Farmers' markets: a congregation of local and regional farmers who harvest their produce at dawn, load it up in a pick-up, drive into town, and set up shop. Sounds just about perfect.
Let New York City have New Years. Chicago can keep St. Patrick’s Day. No one does the Fourth of July like Washington, D.C.
Garrett Faulkner and Ari Post sit down and dig in with Georgetown's most eminent barbecue chefs.
Elizabeth Kendall was taught to sew by her grandmother. That influence has found its way into her sculptures on more than one occasion.
Tayo Adenaike is an artist with something to say, even if one can only hear him by using their eyes.
Whether you're after a traditional recipe or something with true pizzazz, Washington's contributions to America's favorite food stack up easily to the best efforts of New York or Chicago.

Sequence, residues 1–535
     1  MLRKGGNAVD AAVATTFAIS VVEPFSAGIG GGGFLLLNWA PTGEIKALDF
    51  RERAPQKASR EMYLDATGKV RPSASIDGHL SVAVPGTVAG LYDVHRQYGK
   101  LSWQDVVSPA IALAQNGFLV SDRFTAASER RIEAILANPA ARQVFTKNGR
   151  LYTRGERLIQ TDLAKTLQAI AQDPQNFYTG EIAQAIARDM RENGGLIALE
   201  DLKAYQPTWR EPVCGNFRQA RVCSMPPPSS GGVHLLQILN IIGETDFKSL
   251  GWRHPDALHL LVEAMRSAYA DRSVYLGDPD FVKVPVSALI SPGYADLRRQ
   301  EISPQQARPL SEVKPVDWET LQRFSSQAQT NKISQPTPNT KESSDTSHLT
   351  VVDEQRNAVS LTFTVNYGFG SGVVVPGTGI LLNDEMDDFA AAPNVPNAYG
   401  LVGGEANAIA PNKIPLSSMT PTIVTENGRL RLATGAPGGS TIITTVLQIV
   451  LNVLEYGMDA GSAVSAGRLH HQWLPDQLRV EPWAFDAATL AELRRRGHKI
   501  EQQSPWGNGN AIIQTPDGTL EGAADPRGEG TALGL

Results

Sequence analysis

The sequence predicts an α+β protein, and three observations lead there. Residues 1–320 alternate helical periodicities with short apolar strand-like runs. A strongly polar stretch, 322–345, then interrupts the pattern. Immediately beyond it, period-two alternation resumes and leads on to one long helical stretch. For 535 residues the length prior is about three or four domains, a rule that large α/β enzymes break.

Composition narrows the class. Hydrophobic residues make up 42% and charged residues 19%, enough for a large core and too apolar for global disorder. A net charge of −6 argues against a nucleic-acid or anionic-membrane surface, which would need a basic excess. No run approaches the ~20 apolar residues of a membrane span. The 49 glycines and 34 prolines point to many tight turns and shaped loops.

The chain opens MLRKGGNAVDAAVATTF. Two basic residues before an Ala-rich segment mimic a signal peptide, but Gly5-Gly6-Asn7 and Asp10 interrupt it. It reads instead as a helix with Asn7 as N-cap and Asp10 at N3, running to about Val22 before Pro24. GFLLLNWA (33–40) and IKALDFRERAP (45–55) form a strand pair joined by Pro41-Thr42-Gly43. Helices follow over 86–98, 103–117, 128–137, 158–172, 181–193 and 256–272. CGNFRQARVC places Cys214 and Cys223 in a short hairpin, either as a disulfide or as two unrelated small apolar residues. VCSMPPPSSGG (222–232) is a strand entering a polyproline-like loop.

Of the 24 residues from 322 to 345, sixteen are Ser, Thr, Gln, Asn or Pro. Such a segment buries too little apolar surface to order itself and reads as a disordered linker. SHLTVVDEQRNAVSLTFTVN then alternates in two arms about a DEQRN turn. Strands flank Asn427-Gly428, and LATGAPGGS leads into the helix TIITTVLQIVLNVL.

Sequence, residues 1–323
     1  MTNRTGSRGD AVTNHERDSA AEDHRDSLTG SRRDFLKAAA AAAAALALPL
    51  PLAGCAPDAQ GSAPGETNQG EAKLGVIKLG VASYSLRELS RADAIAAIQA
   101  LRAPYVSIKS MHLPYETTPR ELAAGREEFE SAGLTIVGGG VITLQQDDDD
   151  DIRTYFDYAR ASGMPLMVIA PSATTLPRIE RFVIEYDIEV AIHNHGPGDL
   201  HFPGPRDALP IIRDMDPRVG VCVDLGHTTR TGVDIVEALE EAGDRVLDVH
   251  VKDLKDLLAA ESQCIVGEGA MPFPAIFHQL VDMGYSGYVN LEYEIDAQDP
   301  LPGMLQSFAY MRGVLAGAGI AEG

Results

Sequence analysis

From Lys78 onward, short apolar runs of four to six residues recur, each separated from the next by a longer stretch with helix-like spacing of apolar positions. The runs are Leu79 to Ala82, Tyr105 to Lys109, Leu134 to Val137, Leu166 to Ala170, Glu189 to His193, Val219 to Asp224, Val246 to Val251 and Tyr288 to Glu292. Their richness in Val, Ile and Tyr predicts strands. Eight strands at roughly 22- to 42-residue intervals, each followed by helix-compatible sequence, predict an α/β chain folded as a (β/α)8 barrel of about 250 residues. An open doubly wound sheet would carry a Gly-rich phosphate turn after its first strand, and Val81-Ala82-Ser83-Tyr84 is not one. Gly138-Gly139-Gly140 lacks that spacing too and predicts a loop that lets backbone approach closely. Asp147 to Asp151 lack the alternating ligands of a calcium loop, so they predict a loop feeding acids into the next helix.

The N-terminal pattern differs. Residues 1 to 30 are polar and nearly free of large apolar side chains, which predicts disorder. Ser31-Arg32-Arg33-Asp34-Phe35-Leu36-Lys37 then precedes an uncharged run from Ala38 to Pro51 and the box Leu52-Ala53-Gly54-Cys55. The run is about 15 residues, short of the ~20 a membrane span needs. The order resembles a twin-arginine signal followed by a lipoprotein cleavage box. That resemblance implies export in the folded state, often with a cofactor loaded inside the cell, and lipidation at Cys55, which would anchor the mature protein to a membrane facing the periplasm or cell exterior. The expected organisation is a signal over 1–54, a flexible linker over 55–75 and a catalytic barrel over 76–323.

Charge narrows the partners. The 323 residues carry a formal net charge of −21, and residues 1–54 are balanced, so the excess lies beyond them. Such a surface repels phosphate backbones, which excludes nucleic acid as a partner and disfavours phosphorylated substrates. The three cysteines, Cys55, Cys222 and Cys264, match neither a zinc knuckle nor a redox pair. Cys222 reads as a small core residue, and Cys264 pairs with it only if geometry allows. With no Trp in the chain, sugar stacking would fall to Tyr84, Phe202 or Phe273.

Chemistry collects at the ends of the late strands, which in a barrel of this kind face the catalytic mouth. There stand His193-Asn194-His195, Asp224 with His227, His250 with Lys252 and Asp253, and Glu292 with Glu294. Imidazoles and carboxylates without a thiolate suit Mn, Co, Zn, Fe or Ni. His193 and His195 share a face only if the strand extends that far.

Iovino’s series of watercolors at the Parish Gallery, open through May 18th, is a kernel of cool mint, cleansing the palette between the explosive, bright flavors being offered around the city.
Spring is finally in the works, which is good news for art galleries. Ari Post and John Blee present their picks among Washington's galleries, museums and more.
The McFadden Group's Tricia Messerschmitt sits down with us to talk community involvement, Georgetown's Montrose Park and a little golf.
Around 80 years ago, St. John’s Episcopal Church started a program to help the homeless and the hungry. This neighborhood block party of a charity event was the first Georgetown House Tour.
The financial recession found the stock market plummeting to near-record lows. But according to Jack Garson, now is a great time to start a business.
Seafood lovers know the Washington area for its great crabs. But one hundred years ago, D.C. was known for its oysters, and over the last 10 years these coin-sized delicacies have been making a thundering resurgence.